The American Persimmon is the one fruit that is ripe and tastes the best after being kissed by frost. Tasting the fruit before it is ripe will pucker the mouth as the fruit is very astringent. However, after the fruit has experienced even a light freeze and is soft and pliable most will agree, ‘it is the fruit of the gods’.
The American Persimmon
The American Persimmon, Diospyros virginiana, is native to the Eastern United States and can be found from Maine to Florida . Diospyros in ancient Greece meant ‘food of the gods’. Compared to the Japanese persimmon the American variety is higher in vitamin C and calcium.
The fruit is eaten fresh, spooned from its skin with the texture of pudding. Persimmons are used to make pudding, pies, cakes and ice cream. Mitchell , Indiana holds a Persimmon Festival each September that celebrates all things persimmon. www.persimmonfestival.org
The wood of the persimmon tree is dark like ebony. It has been used to manufacture billiard clubs, textile shuttles, long bows, wood flutes and was once used to make the wooden heads of golf clubs.
The American Persimmon versus the Japanese variety
The American persimmon is native to the United States although it is unknown if it originally arrived here from China . The fruit is oblong and astringent and eaten when soft. The Japanese variety is round and eaten hard like an apple and is not astringent.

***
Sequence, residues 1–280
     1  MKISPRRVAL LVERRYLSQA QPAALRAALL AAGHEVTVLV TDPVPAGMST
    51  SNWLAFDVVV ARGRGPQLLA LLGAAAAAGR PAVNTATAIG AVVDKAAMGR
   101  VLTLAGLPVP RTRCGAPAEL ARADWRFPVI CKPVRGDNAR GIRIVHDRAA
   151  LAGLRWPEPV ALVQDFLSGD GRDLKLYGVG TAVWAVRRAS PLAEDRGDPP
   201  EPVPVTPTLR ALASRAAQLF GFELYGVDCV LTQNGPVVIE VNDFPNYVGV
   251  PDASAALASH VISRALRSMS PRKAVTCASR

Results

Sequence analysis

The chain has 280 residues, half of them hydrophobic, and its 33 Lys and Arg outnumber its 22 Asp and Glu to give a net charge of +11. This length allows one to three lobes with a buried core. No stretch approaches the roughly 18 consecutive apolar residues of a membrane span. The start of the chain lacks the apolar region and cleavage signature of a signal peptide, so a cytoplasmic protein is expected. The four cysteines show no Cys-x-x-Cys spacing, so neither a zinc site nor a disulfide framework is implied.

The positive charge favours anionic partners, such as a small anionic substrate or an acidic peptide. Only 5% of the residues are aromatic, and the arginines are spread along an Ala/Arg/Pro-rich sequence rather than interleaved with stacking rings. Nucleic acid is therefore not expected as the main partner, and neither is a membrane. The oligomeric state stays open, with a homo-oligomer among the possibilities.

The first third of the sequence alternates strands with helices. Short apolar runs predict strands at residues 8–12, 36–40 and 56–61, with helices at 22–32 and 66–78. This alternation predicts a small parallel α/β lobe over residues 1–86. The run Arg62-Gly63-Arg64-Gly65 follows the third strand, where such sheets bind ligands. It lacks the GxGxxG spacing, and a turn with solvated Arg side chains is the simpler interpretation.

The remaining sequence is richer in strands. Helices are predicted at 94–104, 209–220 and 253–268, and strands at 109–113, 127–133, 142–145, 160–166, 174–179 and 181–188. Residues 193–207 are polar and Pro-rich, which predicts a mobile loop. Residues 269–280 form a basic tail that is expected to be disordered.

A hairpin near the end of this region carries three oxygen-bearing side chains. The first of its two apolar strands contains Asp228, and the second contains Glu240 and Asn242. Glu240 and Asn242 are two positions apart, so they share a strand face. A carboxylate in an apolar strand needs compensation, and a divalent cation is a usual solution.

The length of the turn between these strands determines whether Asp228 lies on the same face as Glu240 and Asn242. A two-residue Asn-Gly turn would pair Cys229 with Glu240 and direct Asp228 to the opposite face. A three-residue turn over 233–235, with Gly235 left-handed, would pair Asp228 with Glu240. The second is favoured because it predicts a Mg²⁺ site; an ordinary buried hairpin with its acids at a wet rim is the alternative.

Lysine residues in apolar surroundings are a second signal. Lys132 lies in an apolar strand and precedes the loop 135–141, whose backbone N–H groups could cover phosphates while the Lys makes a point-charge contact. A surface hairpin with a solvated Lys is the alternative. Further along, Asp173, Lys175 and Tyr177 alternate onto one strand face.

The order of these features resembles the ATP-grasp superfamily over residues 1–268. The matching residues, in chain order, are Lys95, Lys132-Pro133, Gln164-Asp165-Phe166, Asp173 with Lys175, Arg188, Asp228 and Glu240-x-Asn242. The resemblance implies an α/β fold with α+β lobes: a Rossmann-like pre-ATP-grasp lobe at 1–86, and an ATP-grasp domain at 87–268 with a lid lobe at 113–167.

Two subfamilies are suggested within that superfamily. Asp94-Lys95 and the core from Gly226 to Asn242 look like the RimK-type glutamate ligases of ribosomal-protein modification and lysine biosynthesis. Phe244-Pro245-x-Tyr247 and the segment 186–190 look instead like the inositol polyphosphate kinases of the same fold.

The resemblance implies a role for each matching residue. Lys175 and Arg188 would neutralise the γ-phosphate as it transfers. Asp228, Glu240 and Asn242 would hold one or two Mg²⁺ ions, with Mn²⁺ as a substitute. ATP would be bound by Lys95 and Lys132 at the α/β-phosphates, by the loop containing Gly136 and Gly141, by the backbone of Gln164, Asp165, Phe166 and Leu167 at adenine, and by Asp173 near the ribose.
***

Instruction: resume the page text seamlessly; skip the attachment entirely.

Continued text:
Growing American Persimmons
Purchase persimmon trees at a local nursery that specializes in native trees or go online to find the trees. www.nuttrees.net or www.ediblelandscapeing.com Persimmon trees take 7-8 years before producing edible fruit so take that into consideration when deciding which size trees to order. Most persimmons need a second tree for pollination so check with the nursery on varieties.
Prepare the hole by digging a hole 3x that of the tree’s root ball. Amend the soil by adding well rotted manure, compost or peat moss. Persimmon trees need a ph between 6.2 and 6.8 so it is wise to take a soil test and amend the soil as needed for the proper ph.
Water well at planting and for the first couple of weeks. Then water over any dry periods. Don’t fertilize the first year. Add several inches of mulch around the base of the tree to conserve moisture and prevent weeds from growing.
With a little time, effort and patience your persimmon tree will reward you with a life time of food, beauty and shade.
Source; University of Maryland Extension Service www.hgic.edu